So much so that I decided that the price was worth the gamble for the hardback edition.

It's f**king excellent. If you're not necessarily a fan of Captain America but remember his exploits from the day, buy this. Brubaker (the most consistently-good writer of comic books today, to my mind) tells an excellent story, more than ably complemented by Epting's artwork.

I've been following Daredevil on a regular monthly basis and can see myself moving more towards the House of Ideas in coming months if this is the quality of writing to be found...

Gas City (Loren D. Estleman, 2007):

Set in a fictional milieu, this is a departure for Estleman, whose stories take place identifiably either in Detroit or the Old West. Gas City tells the story of Frank russell, police chief in a city where organised crime means just that: crime is organised in a ten-block square section of the city and policed by the Mob.

Russell's been paid to turn a blind eye, but when his wife of many years dies, he finds himself re-evaluating his life, ideals and priorities.

Fallout ensues, told in Estleman's inimitable style.

To any hard-boiled PI fans out there, I highly recommend the Amos Walker series - one of the absolute best since Chandler.

The Big Clock (Kenneth Fearing, 1946):

George Stroud is an editor at the publishing company run by Earl Janoth. When Janoth, incensed that his mistress has been having an affair with another man, he kills her in a fit of pique, then assigns Stroud, his best reporter, to find out who the other man is, ostensibly to pin the killing on him.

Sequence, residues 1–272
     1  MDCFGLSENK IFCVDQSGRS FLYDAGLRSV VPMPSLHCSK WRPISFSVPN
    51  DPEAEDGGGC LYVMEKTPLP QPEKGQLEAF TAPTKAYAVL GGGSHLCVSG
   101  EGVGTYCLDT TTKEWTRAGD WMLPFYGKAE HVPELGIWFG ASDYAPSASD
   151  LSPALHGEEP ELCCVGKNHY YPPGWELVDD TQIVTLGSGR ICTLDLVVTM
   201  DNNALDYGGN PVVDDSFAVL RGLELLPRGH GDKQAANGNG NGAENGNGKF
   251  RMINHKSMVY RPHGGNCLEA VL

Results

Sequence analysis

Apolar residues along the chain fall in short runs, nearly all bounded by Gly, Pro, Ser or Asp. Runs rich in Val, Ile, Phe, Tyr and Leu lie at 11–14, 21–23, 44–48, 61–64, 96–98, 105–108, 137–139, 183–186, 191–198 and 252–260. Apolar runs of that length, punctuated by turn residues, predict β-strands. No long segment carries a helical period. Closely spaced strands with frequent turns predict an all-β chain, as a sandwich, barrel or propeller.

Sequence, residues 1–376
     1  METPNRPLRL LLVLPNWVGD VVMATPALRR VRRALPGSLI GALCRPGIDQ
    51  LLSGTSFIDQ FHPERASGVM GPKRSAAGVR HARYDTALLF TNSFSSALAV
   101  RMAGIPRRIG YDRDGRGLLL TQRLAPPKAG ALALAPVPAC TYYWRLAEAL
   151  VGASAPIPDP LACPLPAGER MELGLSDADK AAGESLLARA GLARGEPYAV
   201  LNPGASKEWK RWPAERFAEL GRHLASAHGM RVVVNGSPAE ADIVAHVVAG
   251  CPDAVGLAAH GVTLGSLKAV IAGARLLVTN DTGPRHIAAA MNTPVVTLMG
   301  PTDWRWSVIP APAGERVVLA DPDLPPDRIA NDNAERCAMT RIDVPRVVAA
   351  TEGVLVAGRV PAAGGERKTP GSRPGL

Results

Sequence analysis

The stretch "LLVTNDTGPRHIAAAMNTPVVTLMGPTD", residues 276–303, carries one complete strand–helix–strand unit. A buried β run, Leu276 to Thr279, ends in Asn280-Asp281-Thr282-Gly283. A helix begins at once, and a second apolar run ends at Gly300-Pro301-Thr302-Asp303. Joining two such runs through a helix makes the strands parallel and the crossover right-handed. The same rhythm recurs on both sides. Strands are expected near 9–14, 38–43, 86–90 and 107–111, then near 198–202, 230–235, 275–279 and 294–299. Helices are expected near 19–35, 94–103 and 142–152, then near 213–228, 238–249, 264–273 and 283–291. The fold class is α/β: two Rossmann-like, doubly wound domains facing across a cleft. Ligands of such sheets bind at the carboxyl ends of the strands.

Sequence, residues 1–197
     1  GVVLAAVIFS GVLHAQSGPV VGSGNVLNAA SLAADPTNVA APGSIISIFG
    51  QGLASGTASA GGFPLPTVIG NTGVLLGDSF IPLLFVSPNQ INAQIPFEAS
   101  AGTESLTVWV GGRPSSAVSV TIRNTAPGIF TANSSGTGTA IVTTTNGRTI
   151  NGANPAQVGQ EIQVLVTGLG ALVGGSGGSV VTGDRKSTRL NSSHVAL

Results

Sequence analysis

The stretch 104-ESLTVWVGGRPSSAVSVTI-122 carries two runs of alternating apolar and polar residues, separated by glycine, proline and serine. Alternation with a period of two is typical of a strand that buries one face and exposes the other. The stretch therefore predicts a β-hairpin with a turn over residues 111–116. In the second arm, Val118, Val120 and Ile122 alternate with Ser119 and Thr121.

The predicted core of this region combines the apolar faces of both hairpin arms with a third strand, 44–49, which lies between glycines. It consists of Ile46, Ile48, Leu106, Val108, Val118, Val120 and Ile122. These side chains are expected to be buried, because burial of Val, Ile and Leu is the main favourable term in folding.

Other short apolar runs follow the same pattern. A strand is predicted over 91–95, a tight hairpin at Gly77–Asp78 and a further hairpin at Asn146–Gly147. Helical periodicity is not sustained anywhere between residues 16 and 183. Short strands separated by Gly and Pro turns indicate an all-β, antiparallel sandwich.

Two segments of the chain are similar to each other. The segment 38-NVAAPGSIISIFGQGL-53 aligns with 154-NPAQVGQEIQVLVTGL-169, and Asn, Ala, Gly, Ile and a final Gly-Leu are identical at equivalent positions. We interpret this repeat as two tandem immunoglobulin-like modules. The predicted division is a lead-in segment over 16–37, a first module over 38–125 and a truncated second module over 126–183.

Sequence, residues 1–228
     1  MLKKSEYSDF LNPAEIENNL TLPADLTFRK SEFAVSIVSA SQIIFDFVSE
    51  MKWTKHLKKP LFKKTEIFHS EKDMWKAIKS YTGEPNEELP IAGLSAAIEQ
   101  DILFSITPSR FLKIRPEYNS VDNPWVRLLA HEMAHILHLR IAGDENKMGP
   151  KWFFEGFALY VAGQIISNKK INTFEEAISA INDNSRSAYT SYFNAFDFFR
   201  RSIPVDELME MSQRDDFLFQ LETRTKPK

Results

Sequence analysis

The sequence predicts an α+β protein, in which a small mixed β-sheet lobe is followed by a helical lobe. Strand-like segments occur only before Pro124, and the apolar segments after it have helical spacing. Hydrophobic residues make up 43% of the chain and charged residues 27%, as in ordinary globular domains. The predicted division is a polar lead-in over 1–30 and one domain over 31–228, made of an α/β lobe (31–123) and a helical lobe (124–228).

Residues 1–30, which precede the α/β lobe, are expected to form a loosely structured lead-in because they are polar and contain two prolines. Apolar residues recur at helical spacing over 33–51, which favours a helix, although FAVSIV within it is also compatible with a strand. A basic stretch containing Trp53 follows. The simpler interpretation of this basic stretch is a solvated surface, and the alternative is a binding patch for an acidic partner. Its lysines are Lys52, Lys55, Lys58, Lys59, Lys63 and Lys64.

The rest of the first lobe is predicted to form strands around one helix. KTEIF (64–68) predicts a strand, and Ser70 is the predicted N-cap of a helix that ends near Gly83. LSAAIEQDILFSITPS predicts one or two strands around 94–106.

However, Stroud is the other man, and finds himself in the position of tracking down George Stroud.

The story was filmed twice, with Charles Laughton and Ray Milland in 1948, and in 1987 as 'No Way Out' with Gene Hackman and Kevin Costner, a version that added a political element.

The book's a bit of work, but I'll get through it eventually.

Ab$urdistan (Gary Shteyngart, 2007): Misha is the son of the 1238th-richest man in Russia, a 325lb American trapped in a Russian's body, who yearns for a new life in the Bronx with his Latina girlfriend, but whose hopes are put on hold following the killing, by his father, of an Oklahoma businessman.

I bought this book based on the prologue, which cracked me up. I had to put it to one side when I bought the Captain America omnibus, so I haven't gotten too far into it, but I'm encouraged to continue, so I shall.

Lawless (Ed Brubaker, Sean Phillips, 2007): Tracy Lawless is an ex-soldier with a past, who escapes the Army to discover what became of his kid brother, Ricky, by infiltrating his gang on the eve of a major score. He becomes involved with Mallory, a dark-haired beauty who also had a history with Ricky.

A noir story in every sense, Brubaker's story is ably captured by Phillips's art, depicting that part of the city you don't want to go in daylight, let alone the night, where most of the action takes place. The book collects episodes 6-10 of Brubaker's 'Criminal' series, and is published (on this side of the Atlantic anyway) by Titan.

Honourable mentions include Jumper by Stephen Gould and Lady Yesterday by Loren D.Estleman - a man could do worse.

Until next time,

Incredible, out.

Wednesday, 6 February 2008

Dustin - Ireland's Eurovision Hope?

The Eurovision Song Contest has been held, since 1956, between the member states of the European Broadcasting Union (EBU).

It is an international cultural event broadcast simultaneously to the competing nations and beyond, giving it a potential global audience.

Traditionally, the show is hosted by the country that won the contest the previous year. The 2008 event will be held in Belgrade, Serbia.

Ireland has participated since 1965 and has won on seven occasions, making us the most successful contestants in the history of the event, which has produced such international stars as ABBA, Lulu and Celine Dion, among others.